One of the unique challenges of delivering workshops is working effectively with the various personalities that populate your audiences. In most workshops and in some presentations, it’s not unusual for there to be a lot of contact between speakers and their audiences. Some participants talk a lot, and some are quiet. Some are funny, and some are not. But some participants, as well as a few members of your audiences, are just not nice, and those porcupines are the ones you need to beware of.
Clearly, our goal and our instinct, is to get along with everyone. Our reflex is to make sure we do everything we can do to get along with those who aren’t particularly pleasant. Anyone who is leading a group, or giving a presentation would do that, and that’s what makes this issue such a difficult one. It seems that, in these particular situations, our instinct is wrong.
So, what is Rob Jolles actually saying? Is he telling us to go to battle with all the porcupines?! No, but Rob Jolles is saying that the best way to deal with those who aren’t pleasant is not to kill them with kindness. It just won’t work. You risk losing the rest of the group – the people whom you actually want to work with. We’ve all seen the porcupines who will hold a room hostage with his or her inappropriate behavior. The presenter begins to think this: “I’ll turn this person around if it’s the last thing I do.” They fawn over the troublemakers, and generally bend over backwards to do everything in their power to win over the porcupines. They work so hard – for so long – that sometimes they actually succeed! But at what cost?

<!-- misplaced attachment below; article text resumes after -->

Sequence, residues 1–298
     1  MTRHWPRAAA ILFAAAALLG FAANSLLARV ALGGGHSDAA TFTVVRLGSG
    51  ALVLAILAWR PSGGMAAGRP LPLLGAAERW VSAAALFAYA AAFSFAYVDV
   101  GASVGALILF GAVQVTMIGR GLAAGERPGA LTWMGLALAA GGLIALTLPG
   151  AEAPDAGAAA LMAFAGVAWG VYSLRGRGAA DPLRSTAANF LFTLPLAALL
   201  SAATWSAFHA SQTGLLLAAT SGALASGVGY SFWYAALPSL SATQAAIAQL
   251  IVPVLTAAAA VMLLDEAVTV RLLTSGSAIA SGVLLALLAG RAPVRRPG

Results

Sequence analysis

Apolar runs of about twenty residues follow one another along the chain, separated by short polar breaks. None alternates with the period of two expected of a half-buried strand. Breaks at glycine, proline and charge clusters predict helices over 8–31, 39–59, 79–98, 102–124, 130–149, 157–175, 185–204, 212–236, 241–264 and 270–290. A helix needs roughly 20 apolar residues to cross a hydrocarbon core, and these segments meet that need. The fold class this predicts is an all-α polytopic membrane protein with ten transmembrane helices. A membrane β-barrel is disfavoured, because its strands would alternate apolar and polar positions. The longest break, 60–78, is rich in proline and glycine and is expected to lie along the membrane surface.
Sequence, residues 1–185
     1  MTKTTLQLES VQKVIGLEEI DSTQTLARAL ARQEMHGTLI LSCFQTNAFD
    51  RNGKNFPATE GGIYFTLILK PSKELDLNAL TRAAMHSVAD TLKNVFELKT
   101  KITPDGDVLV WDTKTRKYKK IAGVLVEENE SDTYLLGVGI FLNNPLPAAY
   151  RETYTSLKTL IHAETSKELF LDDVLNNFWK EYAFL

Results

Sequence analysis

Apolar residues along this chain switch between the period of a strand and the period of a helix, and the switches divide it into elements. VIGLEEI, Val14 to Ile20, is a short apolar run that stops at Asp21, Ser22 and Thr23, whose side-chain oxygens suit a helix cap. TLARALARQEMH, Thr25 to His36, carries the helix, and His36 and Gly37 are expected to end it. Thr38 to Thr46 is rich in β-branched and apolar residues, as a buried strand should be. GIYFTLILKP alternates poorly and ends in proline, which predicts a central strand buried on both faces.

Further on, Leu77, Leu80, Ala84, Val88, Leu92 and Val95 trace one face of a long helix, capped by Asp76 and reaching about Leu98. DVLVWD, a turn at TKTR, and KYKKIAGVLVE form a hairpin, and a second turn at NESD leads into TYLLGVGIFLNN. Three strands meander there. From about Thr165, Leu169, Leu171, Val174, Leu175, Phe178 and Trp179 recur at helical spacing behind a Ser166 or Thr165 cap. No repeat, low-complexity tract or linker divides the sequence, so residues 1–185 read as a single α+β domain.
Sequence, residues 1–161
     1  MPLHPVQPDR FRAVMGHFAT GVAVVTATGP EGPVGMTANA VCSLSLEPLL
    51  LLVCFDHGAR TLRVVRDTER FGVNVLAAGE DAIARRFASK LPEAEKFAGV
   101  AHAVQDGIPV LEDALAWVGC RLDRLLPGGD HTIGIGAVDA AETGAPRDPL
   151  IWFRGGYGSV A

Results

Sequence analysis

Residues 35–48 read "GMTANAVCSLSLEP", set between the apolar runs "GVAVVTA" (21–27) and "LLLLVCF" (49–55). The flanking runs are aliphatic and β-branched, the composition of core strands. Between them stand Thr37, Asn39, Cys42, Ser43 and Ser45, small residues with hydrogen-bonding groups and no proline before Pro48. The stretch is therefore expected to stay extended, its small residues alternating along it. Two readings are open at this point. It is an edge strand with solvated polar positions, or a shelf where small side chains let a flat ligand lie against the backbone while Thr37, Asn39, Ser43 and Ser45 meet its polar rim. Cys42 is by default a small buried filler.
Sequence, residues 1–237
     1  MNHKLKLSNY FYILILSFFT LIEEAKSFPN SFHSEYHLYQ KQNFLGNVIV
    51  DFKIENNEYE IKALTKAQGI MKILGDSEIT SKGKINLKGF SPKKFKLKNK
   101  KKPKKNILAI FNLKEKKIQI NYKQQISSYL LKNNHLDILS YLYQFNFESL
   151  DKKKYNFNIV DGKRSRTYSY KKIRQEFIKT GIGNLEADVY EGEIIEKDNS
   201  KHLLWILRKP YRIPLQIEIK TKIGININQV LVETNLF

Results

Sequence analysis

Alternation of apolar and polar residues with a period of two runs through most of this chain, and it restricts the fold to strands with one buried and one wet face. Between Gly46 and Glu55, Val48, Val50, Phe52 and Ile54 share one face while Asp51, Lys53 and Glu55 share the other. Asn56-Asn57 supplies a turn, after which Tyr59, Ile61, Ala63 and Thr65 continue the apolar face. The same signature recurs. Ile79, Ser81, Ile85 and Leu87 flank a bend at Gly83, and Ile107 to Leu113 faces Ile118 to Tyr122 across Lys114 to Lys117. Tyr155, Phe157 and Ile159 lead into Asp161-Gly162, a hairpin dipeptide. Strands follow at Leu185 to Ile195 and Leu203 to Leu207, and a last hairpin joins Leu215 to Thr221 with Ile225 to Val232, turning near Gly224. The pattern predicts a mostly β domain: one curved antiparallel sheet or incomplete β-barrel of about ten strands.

You may win the battle, but you’ll absolutely lose the war. People in an audience aren’t stupid. Not only do they know when someone is behaving inappropriately, but they also know when the presenter is working a little too hard to get on the porcupine’s good side. The audience perceives this as a reflection of weakness, and they see a presenter who is rewarding bad behavior. Not only that, it is extremely rare when a presenter is actually able to successfully turn around a porcupine’s ridiculous behavior by simply being nice.
The solution is easier than you than you think, but harder than you might imagine; leave the porcupine alone. When it’s time to ask him or her a question, make it a fact-based question so there’s little wiggle room for inappropriate answer. When it’s time for a small group activity, you assign the leaders and spokespeople for each group. Hold questions from the audience to the end of each segment, and don’t be afraid to take a porcupine’s question offline if it’s inappropriate. It’s your program, and your rules; don’t be afraid to tighten those rules for the sake of the rest of the audience.
The fact is this: You just can’t hug a porcupine. If you try to, you will feel the pain of a porcupine and it is most likely that you’ll encounter someone who just doesn’t want to be hugged. You may also find your audience will lose respect for you. I’d suggest you avoid wasting huge amounts of time trying to placate a porcupine, and just leave him or her alone!